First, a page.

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Living Better: Be Outside, Be Active and Be Thankful

By Nick H.

4 of 6 in the series Living Better

Well, it’s that time of year again when the days become so short that spending time outdoors becomes next to impossible for the working professional. It’s dark outside when you rise for work and is already getting dark again when you walk to your car for your evening commute home. Even on the weekends it can be difficult to make time for experiencing the outdoors because winter temperatures, rain, snow and freezing wind can be detrimental to the experience, taking away any desire to do anything but watch football. It’s in these times that the human body is subjected to the physiological effects of a sedentary lifestyle and a Vitamin D deficiency.

The goal of this article is to educate you about why we feel the way we do during the holiday season. If we can gain an understanding of what’s going on chemically and psychologically within our bodies, then we’re at an advantage for two reasons. One, we can make a serious effort to change our daily routine in support of a healthy mental outlook and two, we can at least have enough emotional intelligence to avoid misplaced aggression.

Our bodies REQUIRE sunlight. This is not a suggestion, but rather a biological need. Life in the post-modern world is directly opposed to tens of thousands of years of evolution and development. As early man roamed the world as the apex predator of his time, he had to leave the cave for survival, regardless of preference or opinion. For our bodies and minds to function optimally, we need to supplement certain elements that have been key in the survival of our species since its formation.

Be Outside


It’s estimated that almost 30% of people experience Seasonal Affective Disorder (SAD,) a very appropriate acronym. SAD is also referred to as Winter Depression. The symptoms include:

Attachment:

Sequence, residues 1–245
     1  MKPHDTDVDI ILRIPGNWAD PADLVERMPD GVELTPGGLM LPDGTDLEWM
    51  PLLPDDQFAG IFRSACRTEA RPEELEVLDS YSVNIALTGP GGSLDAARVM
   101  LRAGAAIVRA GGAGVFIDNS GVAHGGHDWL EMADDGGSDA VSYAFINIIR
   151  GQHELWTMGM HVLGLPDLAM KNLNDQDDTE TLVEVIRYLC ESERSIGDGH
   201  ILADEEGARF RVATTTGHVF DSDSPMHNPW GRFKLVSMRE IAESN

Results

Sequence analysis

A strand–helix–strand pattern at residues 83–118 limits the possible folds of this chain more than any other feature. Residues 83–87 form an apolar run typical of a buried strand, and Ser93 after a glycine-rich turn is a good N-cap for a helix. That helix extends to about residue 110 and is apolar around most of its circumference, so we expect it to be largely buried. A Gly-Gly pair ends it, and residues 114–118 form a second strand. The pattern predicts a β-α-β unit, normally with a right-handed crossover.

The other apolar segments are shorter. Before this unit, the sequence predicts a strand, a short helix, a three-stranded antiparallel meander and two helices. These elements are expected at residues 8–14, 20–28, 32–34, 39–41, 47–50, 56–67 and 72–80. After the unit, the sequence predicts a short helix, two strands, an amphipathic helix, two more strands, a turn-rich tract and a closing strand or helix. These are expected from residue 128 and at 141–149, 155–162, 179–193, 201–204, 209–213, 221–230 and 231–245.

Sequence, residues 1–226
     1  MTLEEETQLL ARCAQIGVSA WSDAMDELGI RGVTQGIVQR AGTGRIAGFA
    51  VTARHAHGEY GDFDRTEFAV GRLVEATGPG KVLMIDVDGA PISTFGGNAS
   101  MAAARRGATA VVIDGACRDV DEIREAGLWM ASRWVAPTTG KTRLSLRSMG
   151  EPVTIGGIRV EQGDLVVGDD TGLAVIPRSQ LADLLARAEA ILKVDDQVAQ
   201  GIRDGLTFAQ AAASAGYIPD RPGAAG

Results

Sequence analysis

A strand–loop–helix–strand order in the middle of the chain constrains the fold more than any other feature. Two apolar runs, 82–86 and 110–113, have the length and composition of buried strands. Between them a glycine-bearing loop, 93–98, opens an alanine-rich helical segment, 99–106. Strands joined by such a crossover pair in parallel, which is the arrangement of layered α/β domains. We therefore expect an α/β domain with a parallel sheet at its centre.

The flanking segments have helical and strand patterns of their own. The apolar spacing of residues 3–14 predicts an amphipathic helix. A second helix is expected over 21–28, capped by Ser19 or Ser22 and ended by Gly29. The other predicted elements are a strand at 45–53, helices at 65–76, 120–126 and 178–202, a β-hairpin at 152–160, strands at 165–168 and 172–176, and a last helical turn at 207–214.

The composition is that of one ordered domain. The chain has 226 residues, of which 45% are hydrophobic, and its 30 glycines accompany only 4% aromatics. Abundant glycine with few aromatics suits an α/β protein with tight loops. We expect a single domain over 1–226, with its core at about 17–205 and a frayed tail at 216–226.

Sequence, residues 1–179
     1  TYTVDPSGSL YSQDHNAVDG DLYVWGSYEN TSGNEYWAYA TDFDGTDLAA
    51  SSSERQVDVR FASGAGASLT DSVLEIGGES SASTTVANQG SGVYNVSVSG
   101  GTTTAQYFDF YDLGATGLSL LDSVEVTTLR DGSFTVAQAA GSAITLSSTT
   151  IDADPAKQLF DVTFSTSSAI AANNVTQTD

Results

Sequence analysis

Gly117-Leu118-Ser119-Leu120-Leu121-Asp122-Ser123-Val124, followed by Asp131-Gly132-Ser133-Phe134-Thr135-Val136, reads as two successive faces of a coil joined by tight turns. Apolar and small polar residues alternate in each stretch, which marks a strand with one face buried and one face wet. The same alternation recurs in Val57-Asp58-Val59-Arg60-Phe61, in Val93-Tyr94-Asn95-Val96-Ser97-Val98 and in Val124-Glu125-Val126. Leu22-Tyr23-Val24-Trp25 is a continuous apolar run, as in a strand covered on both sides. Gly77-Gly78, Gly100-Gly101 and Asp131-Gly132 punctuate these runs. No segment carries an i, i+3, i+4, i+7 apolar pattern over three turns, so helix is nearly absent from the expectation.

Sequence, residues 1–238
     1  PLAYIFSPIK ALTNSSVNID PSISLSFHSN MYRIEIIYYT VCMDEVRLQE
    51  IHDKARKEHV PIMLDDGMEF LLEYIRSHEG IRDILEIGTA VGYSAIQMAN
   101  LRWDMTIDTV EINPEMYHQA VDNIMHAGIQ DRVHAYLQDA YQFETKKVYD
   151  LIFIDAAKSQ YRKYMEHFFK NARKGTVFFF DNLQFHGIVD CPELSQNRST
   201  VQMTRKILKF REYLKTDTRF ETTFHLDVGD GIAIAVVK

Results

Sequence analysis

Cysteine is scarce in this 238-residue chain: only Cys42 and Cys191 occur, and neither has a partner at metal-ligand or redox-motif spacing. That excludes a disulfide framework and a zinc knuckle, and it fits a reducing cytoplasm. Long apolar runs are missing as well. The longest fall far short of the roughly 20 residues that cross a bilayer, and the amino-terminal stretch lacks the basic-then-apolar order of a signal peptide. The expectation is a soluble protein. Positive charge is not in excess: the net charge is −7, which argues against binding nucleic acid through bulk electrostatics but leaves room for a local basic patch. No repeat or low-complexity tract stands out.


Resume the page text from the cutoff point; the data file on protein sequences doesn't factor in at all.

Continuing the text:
• Appetite change
  • Increased craving for carbohydrates
  • Weight gain
  • Heavy feeling in arms or legs
  • A drop in energy level
  • Fatigue
  • A tendency to oversleep
  • Difficulty concentrating
  • Irritability
  • Increased sensitivity to social rejection
  • Avoidance of social situations (not wanting to go out)

If you’re anything like me, then you identified with at least a couple of the symptoms listed above. While there are some indoor treatments for SAD, the most common involve increasing the amount of light intake. There are companies that have produced fancy machines to pump sunlight into the body while indoors and I’m sure that they’d be more than happy to take your money; or you could just buy a good jacket and go outside.

Vitamin D

According to a Harvard Medical School study done in July 2010 the average American spends over 90% of his life indoors. The number increases the older one gets. The indoor lifestyle is reinforced by a computer and technology driven society. Young people especially, would much rather spend hours playing video games that simulate being outside than actually being active while outdoors. This is alarming to me as it’s not only in the winter months that our kids would prefer to be indoors, it’s a year round thing.

Since people have always, until recent history at least, had the need to work outside for the survival of the species, our bodies have developed processes that are only triggered by sunlight. When sunlight hits the skin, the circuitous process begins. Sunlight is actually the trigger for the liver and kidneys to get involved in the creation of Vitamin D. Many vitamins are necessary, but not all vitamins are effective in fighting disease. Vitamin D is the exception. According to Harvard Health Epidemiological studies suggest that the vitamin has protective effects against osteoporosis, heart attacks, stroke, depression and even cancer. Thats right folks, sunlight fights cancer.